Bozeman High School

Bozeman High School is seen in this May 2016 file photo.

Bozeman school officials are getting ready to sell $25 million in bonds to pay for a major renovation of Bozeman High School and if all goes as they hope, taxpayers wouldn’t see any tax increase from that project next school year.

School board trustees voted 8-0 Tuesday night to sell up to $25 million in bonds this fall to take advantage of interest rates that are near a 10-year low.

On June 10, government bonds were selling with a 2.14% interest rate, according to data from Bridget Ekstrom of D.A. Davidson.

“This is the perfect time to lock in interest rates,” Ekstrom told trustees.

The Bozeman School District already has an Aa2 bond rating, the best in the state, she said.

District officials now can start preparing for the bond issue so that by the end of August or early September they’d be ready to go to the market to sell their debt. By then the state’s new property reappraisal numbers should be in, and they’re expecting “significant growth” in local property values, which would help the bond rating.

Mike Waterman, school district business director, said he can’t guarantee it, but there’s a good chance that the school district will receive enough money from the downtown tax increment finance (TIF) district to cover the entire first year’s bond payments for the $25 million.

“So hopefully there’s no tax impact from the $25 million next year,” Waterman said.

That could help the school district at a time it may need money.

The district will likely go to voters next May to ask for millions of dollars for the transition to open Bozeman’s second high school, and it might even have to ask then for money to build elementary school No. 9 to keep up with student growth, Superintendent Rob Watson said.

Last year the school district received $826,790 from the downtown TIF, Waterman said. The school district can use TIF money for just two things — tax relief or building up its reserves, he said.

The school district has used TIF money in the past for annual bond payments for the $5 million borrowed to renovate Hawthorne School.

The city of Bozeman created the tax increment district decades ago as a way to increase investment in downtown. TIF money is paying off the city’s debt for building the downtown parking garage.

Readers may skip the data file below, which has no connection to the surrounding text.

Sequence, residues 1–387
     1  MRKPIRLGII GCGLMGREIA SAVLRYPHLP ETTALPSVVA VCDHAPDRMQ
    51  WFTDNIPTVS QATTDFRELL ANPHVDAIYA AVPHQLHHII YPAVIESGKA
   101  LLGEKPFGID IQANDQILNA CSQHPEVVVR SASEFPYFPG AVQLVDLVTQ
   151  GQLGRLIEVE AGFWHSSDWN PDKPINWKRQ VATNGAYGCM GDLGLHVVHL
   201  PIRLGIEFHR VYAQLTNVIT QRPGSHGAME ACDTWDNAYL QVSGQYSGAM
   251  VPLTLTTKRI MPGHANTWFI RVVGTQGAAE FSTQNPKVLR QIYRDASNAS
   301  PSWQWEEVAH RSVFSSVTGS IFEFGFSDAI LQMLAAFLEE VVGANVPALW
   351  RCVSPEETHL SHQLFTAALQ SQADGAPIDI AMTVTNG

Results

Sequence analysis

As downtown construction increases, the property taxes generated downtown increase. The additional tax money or increment is divvied up between the city, county and schools.

Ekstrom said they’re worried because Federal Reserve officials have raised interest rates nine times, though there’s talk now that the Fed may lower rates in July. There’s also concern because a presidential tweet could send interest rates up or down, Waterman said.

Bozeman voters in 2017 passed a record $125 million bond to build a second high school and renovate Bozeman High. The first $100 million has already been sold, and new Gallatin High is more than half finished.

Once the new high school opens in fall 2020, half the students will move out of Bozeman High. Then work will begin on adding a two-story classroom building, auditorium and new entry to the original high school.

The $100 million in bonds already sold now cost property owners $4.59 per month for every $100,000 value of their home or business. That’s less than the $5.43 predicted during the 2017 election, Waterman said.

The $4.59 per month works out to $55.08 a year per $100,000 value. That’s roughly $150 a year for a typical home.

Another advantage of selling bonds now is that if the money isn’t needed immediately, it earns interest while it sits in the bank, Waterman said.

Gail Schontzler can be reached at gails@dailychronicle.com or 406-582-2633. Follow her on Twitter @gailnews.

Gail Schontzler covers schools and Montana State University for the Chronicle.

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